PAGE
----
THE BLOG

Kavanagh Case Tragic for New York

12/22/2010 07:01 pm ET | Updated May 25, 2011

After an eight-year review by the Catholic Church of allegations of perpetrating childhood sexual abuse, Charles M. Kavanagh, an influential Monsignor who had overseen fundraising for the Archdiocese of New York, was defrocked last week

We should all feel safer now that the powers-that-be have taken care of this problem priest, right?

Wrong.

Kavanagh may no longer use his collar to pave his way to children, but because the New York State statutes of limitation (SOLs) expired decades ago in this case, he remains free to cast his predator's net far and wide. And we have no secular ruling, so the Church's conclusions amount to nothing more than support for allegations of abuse in the civil sphere.
Indeed, here in New York, victims of childhood sexual abuse must file criminal charges before they are 23 or civil claims before they are 28. It is estimated that one in four girls and one in five boys are sexually abused and only 10 percent of victims ever go to authorities. It is also fact that survivors typically need decades to come forward and the legal system offers the only viable means of identifying child predators who are operating under the radar against our children.

So, because the criminal SOLs had already expired in this case, no such charges could be filed. Moreover, no criminal trial could be held nor could a plea deal be reached, meaning he cannot be incarcerated for his alleged heinous crimes. In fact, Kavanagh cannot even be put on a sex offender registry. As a result, if he were to attempt to get another position near children, a background check would not uncover any conviction.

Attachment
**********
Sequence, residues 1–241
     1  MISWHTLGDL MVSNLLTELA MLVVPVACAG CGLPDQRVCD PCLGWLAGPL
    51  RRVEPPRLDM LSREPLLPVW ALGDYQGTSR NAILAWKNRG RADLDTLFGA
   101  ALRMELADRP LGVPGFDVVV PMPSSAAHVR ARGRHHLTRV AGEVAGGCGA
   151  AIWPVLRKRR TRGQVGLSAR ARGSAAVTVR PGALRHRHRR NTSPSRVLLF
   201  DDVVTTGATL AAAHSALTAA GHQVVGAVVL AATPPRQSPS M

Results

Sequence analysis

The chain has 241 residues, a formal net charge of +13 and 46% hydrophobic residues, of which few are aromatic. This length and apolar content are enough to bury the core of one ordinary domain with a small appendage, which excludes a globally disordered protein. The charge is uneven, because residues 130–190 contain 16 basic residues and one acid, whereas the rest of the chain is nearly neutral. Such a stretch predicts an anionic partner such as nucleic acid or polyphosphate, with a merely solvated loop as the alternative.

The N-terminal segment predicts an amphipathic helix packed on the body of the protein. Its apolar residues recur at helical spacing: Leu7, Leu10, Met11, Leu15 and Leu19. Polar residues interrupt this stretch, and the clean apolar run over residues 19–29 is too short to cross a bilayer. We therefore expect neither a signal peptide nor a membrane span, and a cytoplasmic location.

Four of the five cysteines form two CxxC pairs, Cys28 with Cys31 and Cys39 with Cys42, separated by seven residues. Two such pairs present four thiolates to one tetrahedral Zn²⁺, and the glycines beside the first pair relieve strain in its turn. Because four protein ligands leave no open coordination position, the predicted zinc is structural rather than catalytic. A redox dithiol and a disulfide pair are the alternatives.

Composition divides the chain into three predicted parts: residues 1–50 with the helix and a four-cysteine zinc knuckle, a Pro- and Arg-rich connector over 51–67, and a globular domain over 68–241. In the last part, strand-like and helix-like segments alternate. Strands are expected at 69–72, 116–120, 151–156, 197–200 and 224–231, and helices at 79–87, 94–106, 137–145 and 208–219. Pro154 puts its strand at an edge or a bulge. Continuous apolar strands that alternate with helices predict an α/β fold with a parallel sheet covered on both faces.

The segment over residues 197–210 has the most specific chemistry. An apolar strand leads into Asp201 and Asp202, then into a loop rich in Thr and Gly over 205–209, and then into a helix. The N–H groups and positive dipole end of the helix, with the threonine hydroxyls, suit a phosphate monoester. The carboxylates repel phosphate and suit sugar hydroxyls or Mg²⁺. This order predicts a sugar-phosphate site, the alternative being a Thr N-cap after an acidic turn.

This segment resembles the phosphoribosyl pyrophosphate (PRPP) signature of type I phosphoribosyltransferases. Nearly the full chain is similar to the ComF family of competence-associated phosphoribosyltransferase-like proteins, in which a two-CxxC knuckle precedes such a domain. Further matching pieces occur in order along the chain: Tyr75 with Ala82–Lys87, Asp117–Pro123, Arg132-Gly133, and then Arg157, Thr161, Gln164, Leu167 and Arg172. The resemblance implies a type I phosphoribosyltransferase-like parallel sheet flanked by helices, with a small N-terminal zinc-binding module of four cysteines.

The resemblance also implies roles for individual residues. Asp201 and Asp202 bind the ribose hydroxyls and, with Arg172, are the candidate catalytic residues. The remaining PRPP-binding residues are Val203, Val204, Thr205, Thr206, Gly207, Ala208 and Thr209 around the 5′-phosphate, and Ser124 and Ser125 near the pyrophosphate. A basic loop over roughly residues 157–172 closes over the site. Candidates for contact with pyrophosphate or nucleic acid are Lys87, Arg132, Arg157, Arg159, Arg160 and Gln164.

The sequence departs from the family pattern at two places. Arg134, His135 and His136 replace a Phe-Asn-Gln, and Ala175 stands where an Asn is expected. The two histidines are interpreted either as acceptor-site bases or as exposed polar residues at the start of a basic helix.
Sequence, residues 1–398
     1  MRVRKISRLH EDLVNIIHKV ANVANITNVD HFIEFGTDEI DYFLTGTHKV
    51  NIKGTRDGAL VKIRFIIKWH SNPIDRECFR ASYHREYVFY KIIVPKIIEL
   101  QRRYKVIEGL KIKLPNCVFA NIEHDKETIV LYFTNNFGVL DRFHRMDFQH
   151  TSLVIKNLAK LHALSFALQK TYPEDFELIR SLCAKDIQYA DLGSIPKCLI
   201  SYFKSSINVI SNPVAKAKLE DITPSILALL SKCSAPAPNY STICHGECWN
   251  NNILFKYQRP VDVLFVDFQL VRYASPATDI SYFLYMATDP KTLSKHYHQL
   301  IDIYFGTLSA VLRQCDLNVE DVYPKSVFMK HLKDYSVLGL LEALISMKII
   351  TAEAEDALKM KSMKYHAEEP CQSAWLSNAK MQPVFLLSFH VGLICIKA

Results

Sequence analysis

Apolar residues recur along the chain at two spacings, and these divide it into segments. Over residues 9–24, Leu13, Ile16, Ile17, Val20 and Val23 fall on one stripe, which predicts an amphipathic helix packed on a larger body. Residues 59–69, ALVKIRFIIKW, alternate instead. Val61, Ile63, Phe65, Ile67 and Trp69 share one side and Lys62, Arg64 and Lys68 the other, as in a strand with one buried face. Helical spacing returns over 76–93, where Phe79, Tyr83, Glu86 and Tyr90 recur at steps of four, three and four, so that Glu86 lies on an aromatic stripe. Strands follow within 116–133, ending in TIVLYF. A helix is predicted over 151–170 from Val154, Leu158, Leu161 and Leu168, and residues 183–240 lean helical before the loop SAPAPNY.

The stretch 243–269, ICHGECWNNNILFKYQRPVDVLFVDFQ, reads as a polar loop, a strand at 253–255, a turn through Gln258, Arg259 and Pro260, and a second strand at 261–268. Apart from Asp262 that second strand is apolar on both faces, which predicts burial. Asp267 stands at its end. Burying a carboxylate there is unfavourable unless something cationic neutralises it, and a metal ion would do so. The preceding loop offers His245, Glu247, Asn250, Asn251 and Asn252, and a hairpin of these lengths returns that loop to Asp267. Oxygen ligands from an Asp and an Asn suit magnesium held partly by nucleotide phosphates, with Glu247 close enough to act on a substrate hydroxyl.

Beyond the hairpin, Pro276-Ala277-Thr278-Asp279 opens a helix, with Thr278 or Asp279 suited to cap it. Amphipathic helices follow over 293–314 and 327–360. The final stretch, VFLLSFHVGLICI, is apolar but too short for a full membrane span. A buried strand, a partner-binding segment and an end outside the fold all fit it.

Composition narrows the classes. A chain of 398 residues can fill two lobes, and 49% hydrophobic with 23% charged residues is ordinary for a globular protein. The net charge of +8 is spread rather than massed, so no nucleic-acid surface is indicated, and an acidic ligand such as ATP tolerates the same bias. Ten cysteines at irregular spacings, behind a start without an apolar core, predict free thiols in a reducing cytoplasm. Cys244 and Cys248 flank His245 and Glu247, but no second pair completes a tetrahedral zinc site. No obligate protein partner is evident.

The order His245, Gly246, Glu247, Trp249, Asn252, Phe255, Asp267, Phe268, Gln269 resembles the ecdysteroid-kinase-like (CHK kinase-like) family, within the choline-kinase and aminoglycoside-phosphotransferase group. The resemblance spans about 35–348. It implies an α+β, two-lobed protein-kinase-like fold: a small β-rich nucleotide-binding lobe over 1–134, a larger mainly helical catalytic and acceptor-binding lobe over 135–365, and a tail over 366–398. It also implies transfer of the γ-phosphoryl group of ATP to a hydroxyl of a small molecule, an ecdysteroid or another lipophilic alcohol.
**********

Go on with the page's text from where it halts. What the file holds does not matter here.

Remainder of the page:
The victim, having gone through eight years of hearings, not to mention years of suffering in silence emotionally and physically, also has no recourse. With the civil SOLs long expired, the best he can get out of this entire matter is that the Church apparently agrees that he was abused by one of its own. But for the damage done to him as a child, and for the scars with which he is still burdened as an adult, he is simply out of luck.

Religious courts are at best internal dispute resolution mechanisms. They do not serve the public's interest in justice, accountability, and fairness. Rather, a church trial is only about the priest's pension and collar, and never about shutting down child predators. In fact, church "trials" do not have to be made public so they do not even serve the salutary end of giving society at large the facts its needs to protect its children. Even if the Church hierarchy right now held canonical trials for every single alleged abuser in its system, it would not move us meaningfully closer to the public's compelling interest in knowing who the predators are and what they have done.

The sad irony here is that the Bishops persistently insert themselves into the secular legal sphere to ensure that there are no criminal trials and no hope of compensation for the harm done by its clergy and its cover up. Here in New York, the hierarchy has spent millions of its parishioners' donations lobbying against every proposed extension and elimination of the childhood sexual abuse SOLs. It is the single most effective and determined interest group keeping the identities of predators secret and victims out of court.

Not that there hasn't been a comprehensive and concerted effort to reform the SOLs. Since the massive cover-up of the Church's secret handling of childhood sexual abuse by its priests first broke in 2002, thousands of victims here in New York and across the U.S. - and millions who are rightfully and sufficiently outraged - have demanded accountability. Bills have been introduced in both the Assembly and Senate that would create a window of opportunity of one year for victims to file claims and pursue justice in court against those who caused their abuse, even if their statutes of limitations expired already. The Assembly has passed these bills repeatedly while the Senate routinely blocked them. Last year's version finally made it into a Senate subcommittee when now Attorney General Eric Schneiderman brought it forward and voted for it. Unfortunately, the Bishops' pressure persuaded enough other committee members to vote against the victims and the legislation did not survive.

So, in the end, the Kavanagh case is a tragic story, not just for his victim but for all of New York. Yes, the former Monsignor has been de-frocked. But because of arbitrary SOLs and a private Church tribunal, our children are no safer than when he wore the cloth.